Masterpieces of philosophical writing are often short. Wittgenstein’s first opus, Tractatus Logico-Philosophicus is an amazing achievement precisely because of its brevity. Describing the logical foundations of the actual world and all possible worlds is astounding but the fact that Wittgenstein does it in only 80 pages magnifies the accomplishment. In existentialist literature there are short classics such as Dostoevsky’s Notes from the Underground, Camus’ The Plague, and Sartre’s short lecture Existentialism is a Humanism. The impact of Existentialism is a Humanism comes from its lack of heavy metaphysics and phenomenology. The lecture is really a précis of Sartre’s massive Being and Nothingness – it gives the moral and theological implications of existentialism in terms suitable for an amateur or a layman. It offers a window into existentialism’s alternative view of the world without being shrouded in technicalities and jargon.

The most striking video games of the past few years have been those that sought to express an idea without excessive elaboration. Braid and Portal are short, satisfying puzzle games which exercise the brain rather than the reflexes. The creators recognised that 10+ hours of gameplay would be superfluous and so included no unnecessary filler thus creating a fulfilling game experience.

Finally there are short films which possess a charm of their own. io9 has an article up listing short films which could be extended into feature length movies. But do they really need extending? They put forward an idea succinctly and do not wear out their welcome. Isn’t that to be admired?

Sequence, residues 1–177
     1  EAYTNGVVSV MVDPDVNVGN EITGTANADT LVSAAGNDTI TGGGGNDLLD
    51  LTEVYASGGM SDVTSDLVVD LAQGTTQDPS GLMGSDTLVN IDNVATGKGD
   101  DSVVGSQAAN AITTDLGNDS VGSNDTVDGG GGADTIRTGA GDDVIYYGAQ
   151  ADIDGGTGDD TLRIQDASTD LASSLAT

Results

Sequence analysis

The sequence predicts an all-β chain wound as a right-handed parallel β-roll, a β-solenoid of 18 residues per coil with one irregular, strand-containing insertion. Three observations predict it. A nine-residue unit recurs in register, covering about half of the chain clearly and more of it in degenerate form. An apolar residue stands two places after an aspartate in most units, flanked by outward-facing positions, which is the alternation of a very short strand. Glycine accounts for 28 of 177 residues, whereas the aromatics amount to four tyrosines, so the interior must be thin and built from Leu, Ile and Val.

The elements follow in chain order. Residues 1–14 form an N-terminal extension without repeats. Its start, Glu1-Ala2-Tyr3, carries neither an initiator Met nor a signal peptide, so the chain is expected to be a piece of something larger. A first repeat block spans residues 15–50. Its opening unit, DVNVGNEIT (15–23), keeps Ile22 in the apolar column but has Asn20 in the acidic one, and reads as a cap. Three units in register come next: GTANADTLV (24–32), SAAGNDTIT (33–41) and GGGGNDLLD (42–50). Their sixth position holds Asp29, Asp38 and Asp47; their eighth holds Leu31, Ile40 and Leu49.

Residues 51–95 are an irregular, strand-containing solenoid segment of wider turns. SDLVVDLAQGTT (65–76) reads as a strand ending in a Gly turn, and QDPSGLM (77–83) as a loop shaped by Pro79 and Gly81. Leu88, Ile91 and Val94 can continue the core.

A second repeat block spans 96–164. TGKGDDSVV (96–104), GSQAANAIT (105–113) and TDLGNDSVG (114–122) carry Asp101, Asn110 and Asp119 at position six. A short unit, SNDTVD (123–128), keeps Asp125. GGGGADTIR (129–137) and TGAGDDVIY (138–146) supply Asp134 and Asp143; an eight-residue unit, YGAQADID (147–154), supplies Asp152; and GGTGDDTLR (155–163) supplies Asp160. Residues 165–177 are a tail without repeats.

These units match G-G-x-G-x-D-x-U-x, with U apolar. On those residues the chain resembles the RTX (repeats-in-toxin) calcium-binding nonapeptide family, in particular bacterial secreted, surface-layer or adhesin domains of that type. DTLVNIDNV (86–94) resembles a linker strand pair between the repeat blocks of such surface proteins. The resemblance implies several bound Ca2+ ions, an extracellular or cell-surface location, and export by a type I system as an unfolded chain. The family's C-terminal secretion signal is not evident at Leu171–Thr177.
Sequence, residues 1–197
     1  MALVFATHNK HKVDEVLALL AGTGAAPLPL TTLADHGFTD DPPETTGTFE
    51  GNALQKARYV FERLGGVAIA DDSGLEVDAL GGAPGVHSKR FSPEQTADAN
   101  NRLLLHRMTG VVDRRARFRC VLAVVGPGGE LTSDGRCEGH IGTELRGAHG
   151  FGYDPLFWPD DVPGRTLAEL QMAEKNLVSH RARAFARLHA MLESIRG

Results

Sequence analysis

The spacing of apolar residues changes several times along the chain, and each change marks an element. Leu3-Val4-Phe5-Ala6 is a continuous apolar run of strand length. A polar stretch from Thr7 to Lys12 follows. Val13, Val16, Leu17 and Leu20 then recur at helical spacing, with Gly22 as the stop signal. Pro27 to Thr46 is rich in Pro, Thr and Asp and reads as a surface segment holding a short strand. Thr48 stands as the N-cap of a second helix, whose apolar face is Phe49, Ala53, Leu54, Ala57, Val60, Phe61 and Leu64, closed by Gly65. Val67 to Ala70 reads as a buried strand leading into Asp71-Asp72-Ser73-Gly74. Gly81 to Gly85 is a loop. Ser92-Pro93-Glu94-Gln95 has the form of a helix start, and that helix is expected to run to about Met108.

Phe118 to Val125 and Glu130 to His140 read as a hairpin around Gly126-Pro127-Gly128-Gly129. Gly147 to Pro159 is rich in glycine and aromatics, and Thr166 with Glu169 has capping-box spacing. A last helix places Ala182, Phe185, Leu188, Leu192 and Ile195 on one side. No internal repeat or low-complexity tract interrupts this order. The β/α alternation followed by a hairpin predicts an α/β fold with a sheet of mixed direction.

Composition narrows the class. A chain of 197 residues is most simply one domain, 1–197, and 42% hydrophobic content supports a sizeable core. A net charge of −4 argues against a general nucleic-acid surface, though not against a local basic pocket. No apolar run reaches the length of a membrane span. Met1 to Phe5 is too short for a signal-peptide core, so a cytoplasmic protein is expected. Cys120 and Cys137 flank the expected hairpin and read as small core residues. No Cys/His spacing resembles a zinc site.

Short works are about ideas. They offer up a single thought and ask the audience to do the leg-work themselves. Short works don’t patronise – they encourage us to think and use our intelligence to draw our own conclusions. Long works give experiences; short works give ideas.

Marco Polo describes a bridge, stone by stone. 'But which is the stone that supports the bridge?' Kublai Khan asks. 'The bridge is not supported by one stone or another,' Marco answers, 'but by the line of the arch that they form.' Kublai Khan remains silent, reflecting. Then he adds: 'Why do you speak of the stones? It is only the arch that matters to me.' Polo answers: 'Without stones there is no arch.' – Italo Calvino.

Saturday, 5 September 2009

"The Road to Shepherd's Bush."

Last week James Murdoch claimed that the BBC practiced “state-sponsored journalism” and implied that the BBC could never be as independent as corporate news networks such as those owned by News Corporation. Giving the MacTaggart Memorial Lecture in Edinburgh, Murdoch said that “In this all-media marketplace, the expansion of state-sponsored journalism is a threat to the plurality and independence of news provision, which are so important for our democracy.” He argued that the BBC’s hold over the British news was evocative of Orwell’s dystopian vision of Britain in 1984.